Open Access 2: The Revenge

Posted: August 27, 2013 at 6:26 pm, Last Updated: August 28, 2013 at 5:07 pm

by Rob Gehl, Assistant Professor of New Media at University of Utah

As readers of this new blog know, there’s quite a conversation happening about open access, student dissertations, the American Historical Association (AHA), and embargoes. As an alumnus of the GMU Cultural Studies program, a student who posted his dissertation online (and still managed to get a book contract), and as someone who studies social media and user-led production, I’d like to participate in this discussion.

What I want to talk about is Open access (OA) as an explicitly political tool: something that can further the sorts of economic and social justice goals we’re taught to pursue when we do cultural studies.

My argument is premised on the fact that OA is not an automatic good. It is in fact a political-economic tool, and it must be wielded thoughtfully. In the wrong hands, it can do precisely what Roger Lancaster fears: further undermine the ability of knowledge workers to benefit from their own labor. In the right hands, it can dissolve the empires built out of exploiting the labors of love of knowledge workers. Used poorly, it can destroy the traditional, non-profit publishers of academic books. Used well, it can undermine private, for-profit corporations that are taking over academic publishing.

Thus, in order to assess something like the AHA embargo policy, we have to consider all the players involved in the OA ecology: journal publishers, university repositories, intellectual property offices, faculty, students, and university book publishers. We have to see who benefits and who loses due to different uses of the OA political tool.

Where Open Access can lead to better conditions: Before discussing book publishing, I want to diverge and talk about journal publishing. Some different options emerge if we shift the discussion from dissertations and monographs to the equally important area of scholarly articles.

As both Ted Striphas and my doctoral advisor, Hugh Gusterson, have argued, the current system of academic journal publishing (led by publicly-traded, highly profitable firms like Sage and Taylor-Francis) is predicated on a doubly-exploitative system of free labor. It first draws on the freely given labor of the author of the manuscript, who often gives away material to journals now run by highly profitable corporations, and the freely given labor of reviewers, who do the onerous and necessary work of peer review gratis. These articles are then packaged together and sold to university libraries for extremely expensive subscription fees.

Here, the open access movement can be a highly effective tool to right this wrong. It is time to wrest back academic publishing from these companies. If we push the effective cost of reading academic articles as close to zero as possible, then perhaps the Sages and Taylor-Francises of the world will move on to greener pastures like MOOCs or for-profit education.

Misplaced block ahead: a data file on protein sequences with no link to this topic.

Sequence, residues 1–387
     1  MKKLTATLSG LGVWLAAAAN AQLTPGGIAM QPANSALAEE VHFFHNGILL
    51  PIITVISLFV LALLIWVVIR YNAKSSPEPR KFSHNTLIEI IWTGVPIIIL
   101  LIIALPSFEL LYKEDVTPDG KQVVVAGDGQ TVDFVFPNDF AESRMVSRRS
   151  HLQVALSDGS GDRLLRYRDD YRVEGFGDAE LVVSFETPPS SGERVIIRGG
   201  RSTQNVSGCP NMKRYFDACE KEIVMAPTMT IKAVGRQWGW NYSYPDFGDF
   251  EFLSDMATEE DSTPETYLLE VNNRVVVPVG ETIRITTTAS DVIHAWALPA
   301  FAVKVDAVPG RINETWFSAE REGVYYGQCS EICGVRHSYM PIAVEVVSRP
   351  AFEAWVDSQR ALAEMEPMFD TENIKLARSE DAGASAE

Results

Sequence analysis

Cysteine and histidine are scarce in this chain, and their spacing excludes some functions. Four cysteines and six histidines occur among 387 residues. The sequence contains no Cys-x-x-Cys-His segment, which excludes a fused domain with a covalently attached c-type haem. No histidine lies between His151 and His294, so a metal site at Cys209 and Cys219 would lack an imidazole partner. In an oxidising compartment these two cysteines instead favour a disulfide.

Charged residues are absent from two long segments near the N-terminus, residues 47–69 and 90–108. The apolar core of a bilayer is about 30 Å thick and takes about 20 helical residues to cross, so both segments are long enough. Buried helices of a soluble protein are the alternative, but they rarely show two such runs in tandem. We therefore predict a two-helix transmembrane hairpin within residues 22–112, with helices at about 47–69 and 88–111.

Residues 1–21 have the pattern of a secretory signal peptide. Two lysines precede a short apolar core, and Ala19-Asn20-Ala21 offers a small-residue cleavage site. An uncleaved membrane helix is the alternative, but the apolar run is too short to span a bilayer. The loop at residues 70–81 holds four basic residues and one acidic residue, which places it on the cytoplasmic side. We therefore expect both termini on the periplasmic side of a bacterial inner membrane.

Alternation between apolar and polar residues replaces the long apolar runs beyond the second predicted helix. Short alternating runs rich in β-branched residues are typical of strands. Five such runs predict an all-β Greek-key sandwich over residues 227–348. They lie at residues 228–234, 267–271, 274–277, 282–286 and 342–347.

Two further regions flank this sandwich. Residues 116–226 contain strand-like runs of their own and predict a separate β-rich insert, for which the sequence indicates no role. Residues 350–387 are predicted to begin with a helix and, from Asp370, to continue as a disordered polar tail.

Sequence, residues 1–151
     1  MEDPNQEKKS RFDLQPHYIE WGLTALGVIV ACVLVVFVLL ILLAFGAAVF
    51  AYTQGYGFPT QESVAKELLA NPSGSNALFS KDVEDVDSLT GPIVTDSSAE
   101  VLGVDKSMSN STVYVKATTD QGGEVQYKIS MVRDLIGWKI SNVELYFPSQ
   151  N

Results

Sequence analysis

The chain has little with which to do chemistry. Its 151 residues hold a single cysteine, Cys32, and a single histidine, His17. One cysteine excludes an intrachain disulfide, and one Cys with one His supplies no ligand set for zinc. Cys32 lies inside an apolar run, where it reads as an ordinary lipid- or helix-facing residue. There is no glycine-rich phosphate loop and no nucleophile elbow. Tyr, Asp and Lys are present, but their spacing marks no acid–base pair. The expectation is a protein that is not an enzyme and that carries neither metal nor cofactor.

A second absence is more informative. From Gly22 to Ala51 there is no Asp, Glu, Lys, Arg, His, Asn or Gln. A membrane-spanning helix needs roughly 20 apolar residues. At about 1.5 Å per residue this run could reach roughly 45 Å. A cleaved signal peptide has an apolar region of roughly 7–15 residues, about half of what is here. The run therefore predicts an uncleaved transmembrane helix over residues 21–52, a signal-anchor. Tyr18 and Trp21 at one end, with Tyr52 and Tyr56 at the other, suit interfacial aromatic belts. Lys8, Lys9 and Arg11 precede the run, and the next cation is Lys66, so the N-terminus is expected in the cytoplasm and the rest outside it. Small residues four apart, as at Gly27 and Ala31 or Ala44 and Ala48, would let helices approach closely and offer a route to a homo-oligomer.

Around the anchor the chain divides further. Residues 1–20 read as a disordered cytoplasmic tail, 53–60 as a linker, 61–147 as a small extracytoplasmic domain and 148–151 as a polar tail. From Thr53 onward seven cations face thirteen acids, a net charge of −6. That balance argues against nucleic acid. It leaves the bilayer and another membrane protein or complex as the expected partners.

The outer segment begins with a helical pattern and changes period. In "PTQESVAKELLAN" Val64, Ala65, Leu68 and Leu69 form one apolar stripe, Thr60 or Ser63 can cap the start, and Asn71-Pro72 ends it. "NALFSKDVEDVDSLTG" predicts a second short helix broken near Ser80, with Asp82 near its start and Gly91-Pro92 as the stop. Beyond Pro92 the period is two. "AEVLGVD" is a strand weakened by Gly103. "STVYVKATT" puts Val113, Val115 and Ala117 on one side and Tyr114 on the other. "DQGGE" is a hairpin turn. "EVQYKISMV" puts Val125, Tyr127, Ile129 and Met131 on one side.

The way we can do this is to publish in open access journals and support those who do during tenure and retention review. I myself am dedicated to publishing as much as possible in OA journals; so far (knock on wood) I’ve been retained by my university and I am on track to get tenure in a few years. I figure that if I and as many of my colleagues as possible eschew journals published by Sage in favor of ones like First Monday, Computational Culture, Ephemera, Lateral, Enculturation, and Fibreculture, it might just drive Wiley-Blackwell et al out of academic publishing.

Who will publish journals if not for-profit conglomerates? Perhaps this is where we can ally with OA advocates in university libraries. Journals might shift (back) to being sponsored and published by universities or professional associations rather than published by Elsevier. Such a change will not affect reviewing, serving on editorial boards, or even editing, since all these tasks are already either done for free or subsidized by universities or associations. Publishing these journals might shift from paper to electrons, but that sort of shift is going to happen regardless.

Where Open Access can deepen exploitation and precarity: As theorists such as Marilyn Strathern and Claire Birchall have convincingly argued, openness is not always good. The increasing calls for accountability, the push for metrics, and organizational surveillance are all well-known methods of control. All of these managerial tactics are brought about under the benevolent umbrella of openness. This is, as Strathern aptly puts it, the “tyranny of transparency.”

This is where I tend to agree with Roger and the AHA: universities requiring graduating students to post their materials openly online in institutional repositories can in fact lead to the precarity of academic knowledge workers. Make it optional. Don’t require students to do the wide-open performance of dissertating for the world. Give them time to grow as scholars first.

In my case, although I posted my dissertation on my personal Web site, I still took time to revise it radically into a book manuscript. I didn’t mind have my dissertation online, but I can imagine students who want to keep their theses under wraps until they’re ready for readers beyond their doctoral committees and mothers. I certainly look back on my diss and see many faults!

Moreover, let’s not suggest putting the diss out and relying on Google citations is the way to go. Citations can be gamed, and they don’t necessarily indicate engagement with the work. (My dissertation has been cited a few times, but mostly by people who claim that Web 2.0 is a wonderful, beneficial, “revolutionary” system – a bit different from what I argue in my work!). They are also easy measures, and easy measures tend to miss many forms of value. Again, give students time to develop and revise their work, rather than dangling Google’s i10-index as a sort of prize.

In addition to protecting students from the tyranny of transparency, we have to be very careful when dealing with university repositories, because as just such repositories are growing, so too are the tentacles of university intellectual property claims. With tech transfer being a major source of revenue for research universities, universities are often pushing for every written word, line of code, and research notebook be digitized and handed over to the school for analysis to see what’s patentable and what’s not. Requiring new doctoral dissertations to be in open repositories is part of this larger push for acquisition of intellectual property. I am certainly not suggesting university librarians are rapaciously gathering up IP – I love librarians with all my heart –  but I am suggesting that when the push for open access is added to an intellectual land-grab planned from an administrator’s office, it’s a bad combination.